Friday, January 27, 2012

The Role of Health IT in Transforming Healthcare

The Bipartisan Policy Center's (BPC) Task Force on Delivery System Reform and Health IT released a very timely set of recommendations for the most effective use of health IT dollars to support coordinated, accountable, patient-centered health care. The full report is available HERE. There was a webcast discussing the release of the report. Senators Tom Daschle and Bill Frist, Co-Leaders of BPC’s Health Project, and Governor Ted Strickland made remarks at the event. BPC Health IT Task Force members, including John Engler, President of the Business Roundtable, and Karen Ignagni, President and Chief Executive Officer of America's Health Insurance Plans, also provided insights on the findings and recommendations in the report.

The report recognizes that there remain several gaps in and barriers to achieving the health IT capabilities needed to support these common attributes of high performance and new models of care:
  1.  Misaligned Incentives New models of care, supported by the health IT capabilities required for their success, will not become the norm without transforming the nation’s primarily volume-based payment model to one that promotes higher quality, more cost-effective care.
  2. Lack of Health Information Exchange While the exchange of information across the multiple settings where care and services are delivered is a central and necessary component of coordinated, accountable and patient-centered models of care, the level of health information exchange in the U.S. is extremely low.
  3. Limited Level of Consumer Engagement Using Electronic Tools Health IT plays a critical role in supporting patient centered care, yet use of electronic tools to coordinate care, drive provider-patient communication, and empower patients to manage their health and health care is not widespread.
  4. Limited Levels of EHR Adoption While EHRs are a necessary foundational component for new models of care, the level of EHR adoption and Meaningful Use among physicians, hospitals and other provider organizations remains low.
  5. Privacy and Security Concerns Consumers expect that their health information will be kept private and secure. Solidifying public trust in health IT and electronic health information exchange initiatives will require assurance about the processes used to protect the privacy and security of health information.
  6. Multiple Federal Priorities Require Focus and Attention Health care organizations are faced with numerous requirements associated not only with health IT, but also with delivery system and payment reforms, health care coverage and access challenges, administrative improvements, and program integrity brought about by the Patient Protection and Affordable Care Act (ACA) of 2010, HITECH and other federal, state and private sector programs.
But just as importantly the report lays out solutions that could be implemented in a bipartisan way to address these gaps. The full report goes into great detail on how to address each the key issues raised. One important recommendation regarding EHR adoption is to improve the usability and safety of EHRs and accelerate the maturation of the EHR market. They propose that vendors, clinicians, hospitals and other providers should collaborate to identify common challenges and issues related to usability, including those with implications for patient safety, and develop and execute strategies to overcome them. I believe that usability should be a component of the standards and certification criteria for future stages of meaningful use.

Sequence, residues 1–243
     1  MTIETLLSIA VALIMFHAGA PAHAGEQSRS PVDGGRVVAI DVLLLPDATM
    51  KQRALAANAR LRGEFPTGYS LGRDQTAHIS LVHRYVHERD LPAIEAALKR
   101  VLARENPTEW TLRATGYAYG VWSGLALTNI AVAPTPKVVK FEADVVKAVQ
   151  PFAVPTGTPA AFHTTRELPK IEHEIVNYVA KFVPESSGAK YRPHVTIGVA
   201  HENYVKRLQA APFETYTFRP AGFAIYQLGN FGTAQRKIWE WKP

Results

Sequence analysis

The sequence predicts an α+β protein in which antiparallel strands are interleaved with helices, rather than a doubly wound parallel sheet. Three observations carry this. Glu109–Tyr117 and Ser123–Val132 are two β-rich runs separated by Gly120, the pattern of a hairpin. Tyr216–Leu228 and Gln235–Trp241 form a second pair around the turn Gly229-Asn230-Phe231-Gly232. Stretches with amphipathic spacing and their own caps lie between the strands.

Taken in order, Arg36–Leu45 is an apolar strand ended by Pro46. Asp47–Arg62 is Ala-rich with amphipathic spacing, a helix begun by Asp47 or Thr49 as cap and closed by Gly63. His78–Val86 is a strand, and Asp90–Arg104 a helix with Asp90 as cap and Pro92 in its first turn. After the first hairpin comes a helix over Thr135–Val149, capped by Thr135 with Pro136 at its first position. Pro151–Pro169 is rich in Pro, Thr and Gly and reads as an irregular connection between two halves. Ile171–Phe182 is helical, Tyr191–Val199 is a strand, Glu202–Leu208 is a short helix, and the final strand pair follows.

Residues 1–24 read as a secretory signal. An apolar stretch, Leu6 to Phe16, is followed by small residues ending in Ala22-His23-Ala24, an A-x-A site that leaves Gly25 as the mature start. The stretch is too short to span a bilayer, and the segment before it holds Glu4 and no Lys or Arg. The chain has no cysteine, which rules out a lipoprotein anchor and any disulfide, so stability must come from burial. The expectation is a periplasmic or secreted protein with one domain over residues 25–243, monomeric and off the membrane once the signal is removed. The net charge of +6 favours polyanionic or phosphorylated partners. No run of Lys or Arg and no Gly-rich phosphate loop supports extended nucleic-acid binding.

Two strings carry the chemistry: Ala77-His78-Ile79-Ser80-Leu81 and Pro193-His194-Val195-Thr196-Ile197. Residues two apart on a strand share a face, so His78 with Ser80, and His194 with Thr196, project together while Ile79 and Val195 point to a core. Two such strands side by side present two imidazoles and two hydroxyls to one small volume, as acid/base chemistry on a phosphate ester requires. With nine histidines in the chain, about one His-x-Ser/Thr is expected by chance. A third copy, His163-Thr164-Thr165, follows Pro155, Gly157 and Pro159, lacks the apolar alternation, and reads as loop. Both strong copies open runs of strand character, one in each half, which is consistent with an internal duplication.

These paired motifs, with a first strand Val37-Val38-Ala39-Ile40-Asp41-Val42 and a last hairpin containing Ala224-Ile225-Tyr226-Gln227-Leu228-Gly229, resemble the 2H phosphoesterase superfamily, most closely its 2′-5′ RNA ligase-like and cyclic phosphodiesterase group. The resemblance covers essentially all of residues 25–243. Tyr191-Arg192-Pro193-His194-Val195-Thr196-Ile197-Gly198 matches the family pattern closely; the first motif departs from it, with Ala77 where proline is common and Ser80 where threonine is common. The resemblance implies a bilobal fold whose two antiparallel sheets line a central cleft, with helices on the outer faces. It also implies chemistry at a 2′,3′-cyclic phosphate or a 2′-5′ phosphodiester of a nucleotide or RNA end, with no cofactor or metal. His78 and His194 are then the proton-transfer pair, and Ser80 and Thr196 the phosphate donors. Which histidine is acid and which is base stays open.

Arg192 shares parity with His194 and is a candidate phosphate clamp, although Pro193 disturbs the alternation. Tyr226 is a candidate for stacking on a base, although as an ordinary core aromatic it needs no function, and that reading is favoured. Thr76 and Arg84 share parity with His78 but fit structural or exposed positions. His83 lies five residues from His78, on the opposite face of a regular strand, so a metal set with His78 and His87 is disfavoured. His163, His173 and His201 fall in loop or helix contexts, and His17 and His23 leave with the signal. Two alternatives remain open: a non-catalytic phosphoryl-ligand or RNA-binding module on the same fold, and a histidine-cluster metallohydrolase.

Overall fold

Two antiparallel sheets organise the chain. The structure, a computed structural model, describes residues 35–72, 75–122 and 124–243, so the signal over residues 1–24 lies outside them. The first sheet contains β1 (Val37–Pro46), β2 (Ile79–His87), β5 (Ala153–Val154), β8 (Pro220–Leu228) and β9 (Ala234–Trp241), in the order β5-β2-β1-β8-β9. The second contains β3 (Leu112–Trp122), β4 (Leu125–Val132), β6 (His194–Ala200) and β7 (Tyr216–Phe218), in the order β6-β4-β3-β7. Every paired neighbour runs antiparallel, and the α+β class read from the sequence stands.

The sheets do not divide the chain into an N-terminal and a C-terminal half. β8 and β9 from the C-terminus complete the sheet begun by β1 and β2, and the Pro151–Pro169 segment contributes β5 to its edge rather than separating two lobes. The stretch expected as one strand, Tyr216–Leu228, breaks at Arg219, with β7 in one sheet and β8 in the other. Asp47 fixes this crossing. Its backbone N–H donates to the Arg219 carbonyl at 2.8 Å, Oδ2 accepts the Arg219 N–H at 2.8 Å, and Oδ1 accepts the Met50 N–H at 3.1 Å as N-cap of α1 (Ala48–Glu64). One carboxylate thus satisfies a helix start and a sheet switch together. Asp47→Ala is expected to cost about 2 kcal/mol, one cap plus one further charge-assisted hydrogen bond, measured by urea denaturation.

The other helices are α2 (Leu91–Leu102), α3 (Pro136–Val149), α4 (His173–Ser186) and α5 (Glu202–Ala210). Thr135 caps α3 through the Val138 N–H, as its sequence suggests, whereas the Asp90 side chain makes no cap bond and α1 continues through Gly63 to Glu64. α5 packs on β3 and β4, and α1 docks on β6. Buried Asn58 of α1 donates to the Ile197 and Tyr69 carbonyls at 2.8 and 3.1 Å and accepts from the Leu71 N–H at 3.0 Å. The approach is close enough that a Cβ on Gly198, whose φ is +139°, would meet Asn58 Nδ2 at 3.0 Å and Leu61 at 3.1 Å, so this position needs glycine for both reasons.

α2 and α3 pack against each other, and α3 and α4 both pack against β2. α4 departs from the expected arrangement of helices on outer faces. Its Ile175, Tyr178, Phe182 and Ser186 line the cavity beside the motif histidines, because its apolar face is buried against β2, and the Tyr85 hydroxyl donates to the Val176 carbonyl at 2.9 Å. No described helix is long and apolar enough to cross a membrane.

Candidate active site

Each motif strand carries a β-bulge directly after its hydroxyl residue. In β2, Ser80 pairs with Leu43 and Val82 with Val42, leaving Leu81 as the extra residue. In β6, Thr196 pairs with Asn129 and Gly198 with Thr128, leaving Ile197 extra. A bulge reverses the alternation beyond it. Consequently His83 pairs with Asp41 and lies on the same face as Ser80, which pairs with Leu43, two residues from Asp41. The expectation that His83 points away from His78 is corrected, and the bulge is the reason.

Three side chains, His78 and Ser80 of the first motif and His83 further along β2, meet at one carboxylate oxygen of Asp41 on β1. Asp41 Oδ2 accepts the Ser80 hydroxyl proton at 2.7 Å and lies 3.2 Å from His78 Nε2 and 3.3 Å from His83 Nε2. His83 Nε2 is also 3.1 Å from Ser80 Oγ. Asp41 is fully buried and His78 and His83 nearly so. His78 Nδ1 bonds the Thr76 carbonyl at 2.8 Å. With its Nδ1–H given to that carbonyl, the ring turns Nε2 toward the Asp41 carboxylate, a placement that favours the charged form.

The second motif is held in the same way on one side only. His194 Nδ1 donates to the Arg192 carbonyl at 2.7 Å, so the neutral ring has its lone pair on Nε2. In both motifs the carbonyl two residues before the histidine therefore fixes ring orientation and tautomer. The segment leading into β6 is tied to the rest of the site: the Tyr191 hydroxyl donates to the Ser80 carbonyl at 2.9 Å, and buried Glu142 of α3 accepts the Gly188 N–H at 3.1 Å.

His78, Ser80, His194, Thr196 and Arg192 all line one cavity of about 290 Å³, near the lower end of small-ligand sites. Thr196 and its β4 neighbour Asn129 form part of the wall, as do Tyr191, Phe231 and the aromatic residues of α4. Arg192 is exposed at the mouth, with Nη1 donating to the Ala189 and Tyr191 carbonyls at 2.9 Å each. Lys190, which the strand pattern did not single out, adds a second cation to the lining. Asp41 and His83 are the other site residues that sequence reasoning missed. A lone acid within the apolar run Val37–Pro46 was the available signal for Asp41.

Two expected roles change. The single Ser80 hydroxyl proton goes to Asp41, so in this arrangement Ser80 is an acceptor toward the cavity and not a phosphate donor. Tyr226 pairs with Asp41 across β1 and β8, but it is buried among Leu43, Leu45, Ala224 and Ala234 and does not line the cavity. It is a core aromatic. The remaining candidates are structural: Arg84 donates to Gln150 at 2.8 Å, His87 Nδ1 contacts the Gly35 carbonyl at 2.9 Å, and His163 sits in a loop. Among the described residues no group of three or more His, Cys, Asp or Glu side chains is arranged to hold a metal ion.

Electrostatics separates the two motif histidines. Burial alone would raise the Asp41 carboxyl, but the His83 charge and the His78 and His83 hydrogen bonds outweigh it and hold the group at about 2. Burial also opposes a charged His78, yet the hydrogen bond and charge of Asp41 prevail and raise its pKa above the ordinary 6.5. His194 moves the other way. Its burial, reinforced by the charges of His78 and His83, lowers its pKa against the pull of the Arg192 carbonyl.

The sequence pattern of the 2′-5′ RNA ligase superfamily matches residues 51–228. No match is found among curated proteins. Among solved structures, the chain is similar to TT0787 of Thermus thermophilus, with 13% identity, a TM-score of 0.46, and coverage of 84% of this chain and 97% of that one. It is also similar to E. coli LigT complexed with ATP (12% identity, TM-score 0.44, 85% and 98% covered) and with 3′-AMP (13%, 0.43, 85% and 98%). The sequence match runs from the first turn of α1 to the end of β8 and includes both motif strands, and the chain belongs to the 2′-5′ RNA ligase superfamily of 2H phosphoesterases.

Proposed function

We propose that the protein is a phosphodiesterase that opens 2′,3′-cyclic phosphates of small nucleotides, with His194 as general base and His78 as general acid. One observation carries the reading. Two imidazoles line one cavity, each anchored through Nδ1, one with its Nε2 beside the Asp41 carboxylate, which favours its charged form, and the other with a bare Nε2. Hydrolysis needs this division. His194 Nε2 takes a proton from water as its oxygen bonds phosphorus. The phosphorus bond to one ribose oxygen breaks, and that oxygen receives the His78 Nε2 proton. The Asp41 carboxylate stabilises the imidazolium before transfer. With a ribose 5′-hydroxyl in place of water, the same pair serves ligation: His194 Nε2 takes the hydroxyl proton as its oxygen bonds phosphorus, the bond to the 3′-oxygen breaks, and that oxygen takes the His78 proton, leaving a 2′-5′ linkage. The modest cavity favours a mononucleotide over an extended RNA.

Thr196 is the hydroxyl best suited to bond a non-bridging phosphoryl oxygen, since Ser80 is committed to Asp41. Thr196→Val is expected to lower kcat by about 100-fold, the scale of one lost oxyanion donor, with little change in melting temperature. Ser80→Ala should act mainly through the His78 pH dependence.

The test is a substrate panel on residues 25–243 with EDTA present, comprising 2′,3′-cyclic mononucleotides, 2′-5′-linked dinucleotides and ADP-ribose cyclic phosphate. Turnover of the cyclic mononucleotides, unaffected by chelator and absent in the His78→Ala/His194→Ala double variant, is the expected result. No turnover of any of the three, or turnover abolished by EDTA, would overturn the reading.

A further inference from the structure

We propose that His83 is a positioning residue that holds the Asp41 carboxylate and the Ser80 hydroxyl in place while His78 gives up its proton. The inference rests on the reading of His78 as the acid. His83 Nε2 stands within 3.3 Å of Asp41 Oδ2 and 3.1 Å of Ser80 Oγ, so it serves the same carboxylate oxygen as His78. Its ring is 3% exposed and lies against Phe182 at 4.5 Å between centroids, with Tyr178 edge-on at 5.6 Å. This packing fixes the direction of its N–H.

They also make some suggestions to increase engagement of consumers using technology tools. They urge that the consumer awareness campaign initiated by ONC be built upon, and that both the public and private sectors should take additional steps to demonstrate how electronic tools can help consumers manage their health and engage further with their providers. This should be an encouragement to Lygeia Ricciardi, the ONC's Consumerista.

They also make detailed recommendations on how to build a business case for health information exchange. Aside from encouraging expansion of requirements for meaningful use they also recommend that Federal, state and private sector purchasers and payers should require that data standards adopted by the secretary be reflected in the specifications associated with clinical quality measures required by their payment or incentive programs. Health information exchange is a critical component of any strategy to use health IT to improve care and lower costs. I know that policy makers are taking these recommendations into serious consideration. I strongly recommend anyone interested in using technology to improve health care read this report. 


  1. Thanks, Brian. It's a thoughtful and helpful report, and I appreciate your summary and commentary on it. We at ONC will seriously consider its recommendations (I've already sent links to several colleagues). And indeed I do feel encouraged to keep going with our consumer engagement work in collaboration with our many partners (thanks!).

  2. Great writeup. The outcome-based approach is the only one that makes sense. To get to outcome-based healthcare, there has to be a way for data to be 'in motion' versus silo'd inside multiple vendor systems. That is a big hurdle to clear as many vendors are busy selling providers their silo'd systems designed to gain incentive money. For every one system that is really EMR, there are one hundred others that don't talk to the EMR. ICD-9/10 is looming large and CORE after that. It will be very interesting to see how this all works out over the next two to three years.